Tin-Functionalized Wood Biochar as a Sustainable Solid Catalyst for Glucose Isomerization in Biorefinery

Xiao Yang, Iris K.M. Yu, Dong Wan Cho, Season S. Chen, Daniel C.W. Tsang, Jin Shang, Alex C.K. Yip, Lei Wang, Yong Sik Ok

Research output: Contribution to journalArticlepeer-review

65 Citations (Scopus)


This study tailored a novel engineered biochar as a solid catalyst for glucose isomerization by pyrolyzing Sn-functionalized wood waste under varying hypothesis-driven selected conditions (i.e., 650, 750, and 850 °C in N 2 and CO 2 atmosphere). The results showed that properties of biochar support (e.g., porosity and acid/base property) and chemical speciation of Sn were highly related to their catalytic performance. Variations in pyrolysis temperature and feed gas modified the porous structure and surface functionality of biochar as well as the valence state of doped Sn on the biochar. For the N 2 biochars, higher pyrolysis temperature enhanced the fructose yield yet had trivial effect on the selectivity, where 12.1 mol % fructose can be obtained at 150 °C and 20 min using biochar produced at 850 °C. This was plausibly attributed to the increased fraction of amorphous Sn structures and metallic Sn that were more reactive than its oxide form. At the pyrolysis temperature of 750 °C, the use of CO 2 increased the surface area by 40%, enlarged the pore volume from 0.062 to 0.107 cm 3 g -1 , and enriched the amorphous Sn structures compared to those for N 2 biochar. This probably accounted for the better catalytic performance of CO 2 biochar than that of N 2 biochar (50% and 100% enhancement in fructose yield and selectivity, respectively). The Sn-biochar catalysts may have promoted glucose isomerization via both the Lewis acid and Brønsted base pathways. This study paves a new way to design biochar as a sustainable and low-cost solid catalyst for biorefinery applications.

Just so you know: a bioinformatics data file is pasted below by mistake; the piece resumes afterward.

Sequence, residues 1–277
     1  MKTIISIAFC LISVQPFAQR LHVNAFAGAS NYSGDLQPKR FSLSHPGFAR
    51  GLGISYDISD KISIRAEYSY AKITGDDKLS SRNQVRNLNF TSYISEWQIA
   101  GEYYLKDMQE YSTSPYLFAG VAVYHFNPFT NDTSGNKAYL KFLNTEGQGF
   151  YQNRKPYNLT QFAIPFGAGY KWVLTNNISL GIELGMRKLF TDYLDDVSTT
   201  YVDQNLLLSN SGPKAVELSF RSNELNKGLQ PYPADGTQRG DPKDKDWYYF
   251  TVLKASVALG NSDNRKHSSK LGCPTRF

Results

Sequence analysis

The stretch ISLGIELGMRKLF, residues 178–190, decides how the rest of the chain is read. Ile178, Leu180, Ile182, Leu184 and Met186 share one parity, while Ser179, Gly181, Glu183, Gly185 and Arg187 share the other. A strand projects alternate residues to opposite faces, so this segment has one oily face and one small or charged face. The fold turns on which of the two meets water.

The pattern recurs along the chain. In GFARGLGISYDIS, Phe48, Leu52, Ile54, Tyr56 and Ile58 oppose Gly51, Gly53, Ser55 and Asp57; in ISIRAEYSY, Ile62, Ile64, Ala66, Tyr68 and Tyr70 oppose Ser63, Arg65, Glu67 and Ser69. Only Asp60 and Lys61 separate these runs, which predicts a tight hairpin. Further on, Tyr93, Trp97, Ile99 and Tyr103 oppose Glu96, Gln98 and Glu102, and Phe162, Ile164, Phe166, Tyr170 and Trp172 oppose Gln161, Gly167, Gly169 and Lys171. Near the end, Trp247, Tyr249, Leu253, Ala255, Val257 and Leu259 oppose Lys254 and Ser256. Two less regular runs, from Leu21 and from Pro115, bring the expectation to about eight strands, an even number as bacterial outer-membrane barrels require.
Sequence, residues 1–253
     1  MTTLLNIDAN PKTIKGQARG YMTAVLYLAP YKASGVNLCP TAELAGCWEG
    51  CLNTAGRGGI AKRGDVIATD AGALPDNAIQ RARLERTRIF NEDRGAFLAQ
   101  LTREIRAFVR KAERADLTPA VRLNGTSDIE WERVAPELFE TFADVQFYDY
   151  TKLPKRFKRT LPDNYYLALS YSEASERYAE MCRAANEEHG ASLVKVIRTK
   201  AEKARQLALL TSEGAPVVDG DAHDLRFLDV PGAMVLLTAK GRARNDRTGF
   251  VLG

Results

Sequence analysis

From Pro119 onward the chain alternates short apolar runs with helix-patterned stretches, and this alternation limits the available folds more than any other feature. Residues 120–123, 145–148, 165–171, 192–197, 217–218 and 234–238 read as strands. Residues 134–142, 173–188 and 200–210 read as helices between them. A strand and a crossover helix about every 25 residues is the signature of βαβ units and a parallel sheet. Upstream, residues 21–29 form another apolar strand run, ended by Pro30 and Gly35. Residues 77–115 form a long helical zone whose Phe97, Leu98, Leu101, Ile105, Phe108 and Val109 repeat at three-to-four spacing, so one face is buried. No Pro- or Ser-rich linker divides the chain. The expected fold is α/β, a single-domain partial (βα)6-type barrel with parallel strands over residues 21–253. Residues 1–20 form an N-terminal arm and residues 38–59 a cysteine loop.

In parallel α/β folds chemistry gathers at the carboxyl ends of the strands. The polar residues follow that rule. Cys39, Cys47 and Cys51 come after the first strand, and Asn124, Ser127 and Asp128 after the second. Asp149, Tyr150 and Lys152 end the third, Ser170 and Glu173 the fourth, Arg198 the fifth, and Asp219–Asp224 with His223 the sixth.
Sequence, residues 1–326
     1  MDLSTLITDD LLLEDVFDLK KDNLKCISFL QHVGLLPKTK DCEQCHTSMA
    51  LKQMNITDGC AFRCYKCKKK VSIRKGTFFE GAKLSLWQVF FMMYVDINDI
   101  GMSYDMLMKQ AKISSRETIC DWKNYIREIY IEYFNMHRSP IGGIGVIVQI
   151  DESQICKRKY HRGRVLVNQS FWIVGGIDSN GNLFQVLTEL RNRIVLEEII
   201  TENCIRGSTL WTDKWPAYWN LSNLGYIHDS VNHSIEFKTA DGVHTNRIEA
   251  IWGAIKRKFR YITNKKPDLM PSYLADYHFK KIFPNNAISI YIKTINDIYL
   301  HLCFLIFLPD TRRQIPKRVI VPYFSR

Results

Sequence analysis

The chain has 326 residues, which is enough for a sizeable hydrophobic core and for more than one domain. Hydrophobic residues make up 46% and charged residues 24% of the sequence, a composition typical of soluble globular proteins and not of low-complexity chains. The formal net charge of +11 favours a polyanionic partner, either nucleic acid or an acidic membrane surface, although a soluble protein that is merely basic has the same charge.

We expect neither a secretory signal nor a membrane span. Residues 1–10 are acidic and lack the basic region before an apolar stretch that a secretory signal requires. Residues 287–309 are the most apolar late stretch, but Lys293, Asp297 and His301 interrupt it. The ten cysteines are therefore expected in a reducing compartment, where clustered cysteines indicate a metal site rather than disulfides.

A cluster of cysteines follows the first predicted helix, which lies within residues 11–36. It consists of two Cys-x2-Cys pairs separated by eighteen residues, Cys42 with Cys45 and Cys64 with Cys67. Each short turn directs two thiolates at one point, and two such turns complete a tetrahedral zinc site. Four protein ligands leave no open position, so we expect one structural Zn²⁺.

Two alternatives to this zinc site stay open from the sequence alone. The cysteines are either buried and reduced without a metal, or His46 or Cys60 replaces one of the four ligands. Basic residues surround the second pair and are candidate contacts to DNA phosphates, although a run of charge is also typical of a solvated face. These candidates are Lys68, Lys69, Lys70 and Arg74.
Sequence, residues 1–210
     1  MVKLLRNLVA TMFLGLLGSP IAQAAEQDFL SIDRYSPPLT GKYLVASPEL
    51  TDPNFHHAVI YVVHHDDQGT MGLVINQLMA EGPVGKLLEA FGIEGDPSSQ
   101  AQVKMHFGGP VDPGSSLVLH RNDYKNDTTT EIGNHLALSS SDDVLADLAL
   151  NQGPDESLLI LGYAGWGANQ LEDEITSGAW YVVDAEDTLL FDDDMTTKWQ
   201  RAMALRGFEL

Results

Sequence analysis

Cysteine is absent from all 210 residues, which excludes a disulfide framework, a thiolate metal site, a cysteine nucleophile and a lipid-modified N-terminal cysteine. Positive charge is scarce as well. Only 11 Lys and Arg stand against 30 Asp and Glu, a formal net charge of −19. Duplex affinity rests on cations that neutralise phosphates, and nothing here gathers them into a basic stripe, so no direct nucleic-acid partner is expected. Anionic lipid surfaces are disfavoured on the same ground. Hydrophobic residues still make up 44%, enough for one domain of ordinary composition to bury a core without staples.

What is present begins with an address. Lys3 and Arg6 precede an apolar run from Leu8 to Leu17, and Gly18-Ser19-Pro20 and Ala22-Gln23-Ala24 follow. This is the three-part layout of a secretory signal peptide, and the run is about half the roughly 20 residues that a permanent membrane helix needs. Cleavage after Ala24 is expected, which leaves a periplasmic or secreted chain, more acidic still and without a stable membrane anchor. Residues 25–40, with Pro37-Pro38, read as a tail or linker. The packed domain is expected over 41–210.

Original languageEnglish
Pages (from-to)4851-4860
Number of pages10
JournalACS Sustainable Chemistry and Engineering
Issue number5
Publication statusPublished - 2019 Mar 4

Bibliographical note

Funding Information:
This work was supported by the Hong Kong Research Grants Council (PolyU 15217818) and Hong Kong Environment and Conservation Fund (K-ZB78, 2016).

Publisher Copyright:
Copyright © 2019 American Chemical Society.


  • Biobased value-added chemicals
  • Engineered biochar
  • Lewis acid
  • Lignocellulosic biomass
  • Sugar conversion
  • Waste valorization/recycling

ASJC Scopus subject areas

  • General Chemistry
  • Environmental Chemistry
  • General Chemical Engineering
  • Renewable Energy, Sustainability and the Environment


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